The media perform these tasks in the way they frame stories, as another key media sociologist, Gaye Tuchman, had argued. Media frames are “principles of selection, emphasis and presentation” as well as of “exclusion.” How differently, Todd asked, might the Black and student opposition groups of the 1960s have been popularly viewed if, instead of being cast as causing “civil disturbances,” the press described them as “movements for peace and justice”?
How were SDS and the antiwar movement framed, and what were the consequences? At first, the press ignored SDS and its grassroots activism, but after the SDS-organized March on Washington in April 1965, SDS became big news. As the activism and the media coverage both grew, deprecating media frames began to take hold. There was trivialization — “making light of the movement” and dismissing participants because of their age, hair or clothing. There was marginalization — casting demonstrators as deviant or unrepresentative. There was polarization — emphasizing counterdemonstrations by neo-Nazis (however few) as the “other side” equivalent. And there was disparagement of the movement’s effectiveness and its size — by undercounting the number of demonstrators.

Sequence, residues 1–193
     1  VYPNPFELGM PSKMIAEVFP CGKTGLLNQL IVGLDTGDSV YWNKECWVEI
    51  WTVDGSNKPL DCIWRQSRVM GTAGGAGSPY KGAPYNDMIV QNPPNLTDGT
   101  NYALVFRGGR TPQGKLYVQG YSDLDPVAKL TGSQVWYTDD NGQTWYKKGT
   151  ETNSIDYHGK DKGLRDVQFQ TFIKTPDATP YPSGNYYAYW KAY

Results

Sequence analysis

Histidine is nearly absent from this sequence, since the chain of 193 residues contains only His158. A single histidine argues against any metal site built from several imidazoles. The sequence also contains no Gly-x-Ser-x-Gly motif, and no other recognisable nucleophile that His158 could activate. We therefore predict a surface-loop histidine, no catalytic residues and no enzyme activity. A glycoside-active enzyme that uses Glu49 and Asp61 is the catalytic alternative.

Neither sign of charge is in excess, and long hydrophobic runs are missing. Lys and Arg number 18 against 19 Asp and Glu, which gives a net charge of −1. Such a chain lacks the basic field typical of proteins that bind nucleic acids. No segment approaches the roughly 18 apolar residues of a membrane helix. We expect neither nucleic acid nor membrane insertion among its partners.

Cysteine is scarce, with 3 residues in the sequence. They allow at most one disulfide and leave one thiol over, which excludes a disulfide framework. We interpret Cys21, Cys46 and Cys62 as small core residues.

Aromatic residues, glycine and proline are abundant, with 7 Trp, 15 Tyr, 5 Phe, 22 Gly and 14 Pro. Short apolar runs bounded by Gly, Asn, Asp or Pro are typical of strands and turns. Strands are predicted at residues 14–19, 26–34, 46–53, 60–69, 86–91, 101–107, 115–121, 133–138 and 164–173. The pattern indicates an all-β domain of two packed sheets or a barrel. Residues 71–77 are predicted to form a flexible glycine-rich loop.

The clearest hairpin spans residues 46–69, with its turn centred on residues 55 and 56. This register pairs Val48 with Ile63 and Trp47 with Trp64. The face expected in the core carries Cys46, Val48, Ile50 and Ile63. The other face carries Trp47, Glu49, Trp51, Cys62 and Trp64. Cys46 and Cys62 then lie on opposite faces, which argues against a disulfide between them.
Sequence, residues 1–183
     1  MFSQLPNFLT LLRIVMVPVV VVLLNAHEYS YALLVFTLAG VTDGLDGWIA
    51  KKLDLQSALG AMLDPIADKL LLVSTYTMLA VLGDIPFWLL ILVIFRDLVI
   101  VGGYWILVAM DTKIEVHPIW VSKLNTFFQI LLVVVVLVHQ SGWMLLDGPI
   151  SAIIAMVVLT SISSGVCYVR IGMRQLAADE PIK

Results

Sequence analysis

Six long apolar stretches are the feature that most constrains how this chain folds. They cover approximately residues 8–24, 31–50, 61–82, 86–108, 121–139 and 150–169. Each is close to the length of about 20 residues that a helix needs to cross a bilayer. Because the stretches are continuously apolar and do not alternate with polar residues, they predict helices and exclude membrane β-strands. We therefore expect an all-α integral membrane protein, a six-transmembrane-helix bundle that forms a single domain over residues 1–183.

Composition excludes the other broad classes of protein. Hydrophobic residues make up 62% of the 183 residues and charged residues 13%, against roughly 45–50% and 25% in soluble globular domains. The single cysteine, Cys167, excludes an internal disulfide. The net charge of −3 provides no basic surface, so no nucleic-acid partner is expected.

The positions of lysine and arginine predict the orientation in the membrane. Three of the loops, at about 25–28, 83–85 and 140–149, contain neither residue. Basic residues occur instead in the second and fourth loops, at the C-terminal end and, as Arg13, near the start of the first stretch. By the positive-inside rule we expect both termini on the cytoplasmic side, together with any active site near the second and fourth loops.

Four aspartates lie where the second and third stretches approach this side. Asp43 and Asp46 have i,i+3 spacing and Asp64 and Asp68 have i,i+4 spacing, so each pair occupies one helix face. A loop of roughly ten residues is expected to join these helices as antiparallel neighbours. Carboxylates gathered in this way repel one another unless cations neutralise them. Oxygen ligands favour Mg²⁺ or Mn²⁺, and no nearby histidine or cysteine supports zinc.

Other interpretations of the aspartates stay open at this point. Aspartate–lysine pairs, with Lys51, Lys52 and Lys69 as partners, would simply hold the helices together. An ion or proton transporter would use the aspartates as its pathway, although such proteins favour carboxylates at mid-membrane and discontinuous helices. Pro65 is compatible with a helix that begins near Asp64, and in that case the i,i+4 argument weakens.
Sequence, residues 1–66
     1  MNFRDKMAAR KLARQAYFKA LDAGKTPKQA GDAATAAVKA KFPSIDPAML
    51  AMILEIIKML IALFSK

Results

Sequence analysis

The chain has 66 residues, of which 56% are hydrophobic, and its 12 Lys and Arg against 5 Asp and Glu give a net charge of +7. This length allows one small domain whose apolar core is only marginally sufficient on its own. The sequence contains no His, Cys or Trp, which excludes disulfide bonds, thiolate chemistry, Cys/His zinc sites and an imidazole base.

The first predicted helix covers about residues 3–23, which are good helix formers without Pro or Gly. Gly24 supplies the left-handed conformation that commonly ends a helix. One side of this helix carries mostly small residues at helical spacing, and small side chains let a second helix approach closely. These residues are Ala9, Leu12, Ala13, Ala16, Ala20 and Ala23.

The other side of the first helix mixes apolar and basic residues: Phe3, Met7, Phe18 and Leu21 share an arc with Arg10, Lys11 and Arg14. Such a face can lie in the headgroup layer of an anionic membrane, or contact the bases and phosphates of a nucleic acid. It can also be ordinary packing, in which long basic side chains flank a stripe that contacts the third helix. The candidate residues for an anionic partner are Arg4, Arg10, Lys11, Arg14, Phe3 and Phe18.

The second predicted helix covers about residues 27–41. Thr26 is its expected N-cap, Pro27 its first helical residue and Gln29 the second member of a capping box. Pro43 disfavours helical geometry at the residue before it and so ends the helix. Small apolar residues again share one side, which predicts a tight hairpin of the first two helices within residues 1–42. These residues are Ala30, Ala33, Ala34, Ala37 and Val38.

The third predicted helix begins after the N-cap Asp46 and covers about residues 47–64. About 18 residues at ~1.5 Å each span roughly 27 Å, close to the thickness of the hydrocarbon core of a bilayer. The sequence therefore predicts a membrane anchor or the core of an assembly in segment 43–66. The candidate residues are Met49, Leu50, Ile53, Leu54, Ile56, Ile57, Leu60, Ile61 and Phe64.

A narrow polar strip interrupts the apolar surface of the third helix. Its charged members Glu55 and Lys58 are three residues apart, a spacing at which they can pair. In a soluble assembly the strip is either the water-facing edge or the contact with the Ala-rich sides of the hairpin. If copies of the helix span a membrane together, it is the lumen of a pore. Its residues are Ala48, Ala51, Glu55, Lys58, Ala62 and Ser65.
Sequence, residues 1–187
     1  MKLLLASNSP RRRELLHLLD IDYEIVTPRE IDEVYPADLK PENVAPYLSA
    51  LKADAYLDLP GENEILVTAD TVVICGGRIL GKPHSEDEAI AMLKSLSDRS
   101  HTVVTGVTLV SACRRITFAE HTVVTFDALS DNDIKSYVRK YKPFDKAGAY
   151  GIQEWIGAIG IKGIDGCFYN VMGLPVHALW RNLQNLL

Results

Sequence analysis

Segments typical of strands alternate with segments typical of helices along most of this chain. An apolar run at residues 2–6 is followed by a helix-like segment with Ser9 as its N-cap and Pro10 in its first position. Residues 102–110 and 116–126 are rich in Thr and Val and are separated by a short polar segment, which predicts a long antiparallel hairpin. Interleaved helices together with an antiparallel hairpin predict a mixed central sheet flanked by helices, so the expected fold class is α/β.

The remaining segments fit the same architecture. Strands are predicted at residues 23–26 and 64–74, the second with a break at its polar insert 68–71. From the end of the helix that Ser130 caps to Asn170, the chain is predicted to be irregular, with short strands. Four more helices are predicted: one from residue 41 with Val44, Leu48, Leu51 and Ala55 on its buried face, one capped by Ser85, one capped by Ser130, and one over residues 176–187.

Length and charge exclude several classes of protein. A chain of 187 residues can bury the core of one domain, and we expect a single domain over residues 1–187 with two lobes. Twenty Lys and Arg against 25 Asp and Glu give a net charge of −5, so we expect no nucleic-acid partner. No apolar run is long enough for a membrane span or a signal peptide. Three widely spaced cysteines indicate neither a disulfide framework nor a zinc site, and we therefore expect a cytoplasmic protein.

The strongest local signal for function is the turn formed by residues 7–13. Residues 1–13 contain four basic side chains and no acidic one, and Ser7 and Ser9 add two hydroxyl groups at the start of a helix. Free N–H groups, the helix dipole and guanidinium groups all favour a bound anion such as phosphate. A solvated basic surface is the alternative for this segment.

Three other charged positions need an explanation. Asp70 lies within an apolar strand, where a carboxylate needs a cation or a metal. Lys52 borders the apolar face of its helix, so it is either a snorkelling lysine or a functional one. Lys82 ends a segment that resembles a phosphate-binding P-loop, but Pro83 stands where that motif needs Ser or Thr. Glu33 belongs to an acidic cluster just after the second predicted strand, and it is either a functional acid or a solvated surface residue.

Gradually, the coverage emphasized the alleged presence of Communists, trained its cameras on those carrying Viet Cong flags, spotlighted any violence in demonstrations, delegitimized the demonstrations by putting quotation marks around terms like “peace march,” and paid increasing attention to any right-wing opposition.
One of Todd’s most compelling (and infuriating) examples of these frames was how the Times covered the April 1965 March on Washington. A headline — “Holiday From Exams” — trivialized the seriousness of the students. The fact that people protested in front of the White House while President Lyndon Johnson was “at his ranch in Texas” was used to imply the ineffectuality of the movement. But Todd’s most scorching evidence of bias was in the Times’ selection of photos. Although the antiwar protestors outnumbered counterdemonstrators by at least 150 to one, the Times published a cropped photo that visually “equate[d] the antiwar and right-wing demonstrations” to suggest the groups of students and the Nazis were equally large.